J Cole is Worthy of the Hype Surrounding “Cole World”
Endorsements made in sidewalk chalk aren’t the kind of campus advertising I normally buy into, but after passing graffiti promotions for J Cole’s “Cole World” on the sides of Woodard Campus Center, Simpson Library, and Goolrick Fitness Center on a daily basis for weeks, I finally caved and gave the album a curious listen.
To be honest, I wasn’t expecting much, given that this is J Cole’s first full album as a new member of Jay-Z’s Roc Nation label. Luckily for both me and Cole’s anonymous on-campus supporters, “Cole World:The Sideline Story” does an admirable job backing up all of the hype surrounding it, and doesn’t fall into the same category as this year’s more disappointing releases like Jay-Z and Kanye West’s “Watch the Throne.”
“Cole World” is highlighted by its unexpected and unconventional production, most of which by Cole himself. For example, the first song, “Dollar and a Dream III,” features Cole rapping over an orchestral sampling taken from the soundtrack to the video game “Kingdom Hearts II,” while “Can’t Get Enough” utilizes a sample from the song “Paulette” by African Guinea band Balla et ses Balladins.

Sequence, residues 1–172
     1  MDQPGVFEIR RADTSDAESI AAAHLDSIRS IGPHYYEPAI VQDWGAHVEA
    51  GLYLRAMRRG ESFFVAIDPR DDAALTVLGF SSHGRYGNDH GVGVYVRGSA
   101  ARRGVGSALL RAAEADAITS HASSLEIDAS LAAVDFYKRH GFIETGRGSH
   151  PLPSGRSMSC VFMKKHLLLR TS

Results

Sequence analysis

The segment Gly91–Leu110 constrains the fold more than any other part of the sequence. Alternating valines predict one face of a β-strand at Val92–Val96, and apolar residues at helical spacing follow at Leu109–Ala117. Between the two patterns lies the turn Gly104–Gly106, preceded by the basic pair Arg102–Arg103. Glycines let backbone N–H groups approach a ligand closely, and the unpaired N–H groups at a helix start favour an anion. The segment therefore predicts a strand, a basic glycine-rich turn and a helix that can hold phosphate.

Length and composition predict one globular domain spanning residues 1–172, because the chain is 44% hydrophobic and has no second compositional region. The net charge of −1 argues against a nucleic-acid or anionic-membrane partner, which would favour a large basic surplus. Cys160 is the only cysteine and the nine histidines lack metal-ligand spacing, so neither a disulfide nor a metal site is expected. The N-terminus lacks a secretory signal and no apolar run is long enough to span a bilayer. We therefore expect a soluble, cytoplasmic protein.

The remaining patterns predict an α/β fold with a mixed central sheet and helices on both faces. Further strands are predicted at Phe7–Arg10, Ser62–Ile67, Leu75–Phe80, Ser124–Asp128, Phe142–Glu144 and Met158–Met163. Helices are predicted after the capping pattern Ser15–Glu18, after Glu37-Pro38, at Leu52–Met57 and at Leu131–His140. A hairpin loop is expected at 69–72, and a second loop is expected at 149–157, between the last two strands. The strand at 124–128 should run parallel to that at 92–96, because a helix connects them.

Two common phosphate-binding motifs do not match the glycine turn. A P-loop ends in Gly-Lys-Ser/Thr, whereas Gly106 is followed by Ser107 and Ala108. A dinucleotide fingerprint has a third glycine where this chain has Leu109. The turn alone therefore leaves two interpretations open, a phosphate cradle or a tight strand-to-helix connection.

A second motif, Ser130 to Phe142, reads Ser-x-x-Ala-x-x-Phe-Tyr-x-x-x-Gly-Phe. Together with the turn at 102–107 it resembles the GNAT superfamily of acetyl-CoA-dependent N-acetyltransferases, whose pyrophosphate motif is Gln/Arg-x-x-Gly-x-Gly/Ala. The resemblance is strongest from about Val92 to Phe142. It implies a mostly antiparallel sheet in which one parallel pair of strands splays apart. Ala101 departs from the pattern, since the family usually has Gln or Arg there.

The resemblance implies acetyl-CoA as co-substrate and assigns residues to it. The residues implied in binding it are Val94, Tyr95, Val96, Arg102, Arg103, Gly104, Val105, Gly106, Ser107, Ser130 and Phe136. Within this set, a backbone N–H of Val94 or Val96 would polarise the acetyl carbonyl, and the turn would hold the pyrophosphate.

The album also includes an impressive handful of guest rappers, from rap veterans like Missy Elliott and Jay-Z, to newer artists like Trey Songz. However, the album really shines on solo tracks like “Sideline Story” and “Lights Please,” where Cole describes his climb to the top and contemplates the significance of his own newfound fame.
Debuting at number one on the U.S. charts, “Cole World” breaks the stereotype of what a newcomer’s album is supposed to sound like by combining the original, underground production qualities of an indie rapper with the recognizable and comfortable flow, lyrics, and command of a much more experienced artist.
Characteristics such as these make it hard not to wonder just what kind of rapper J Cole will grow into.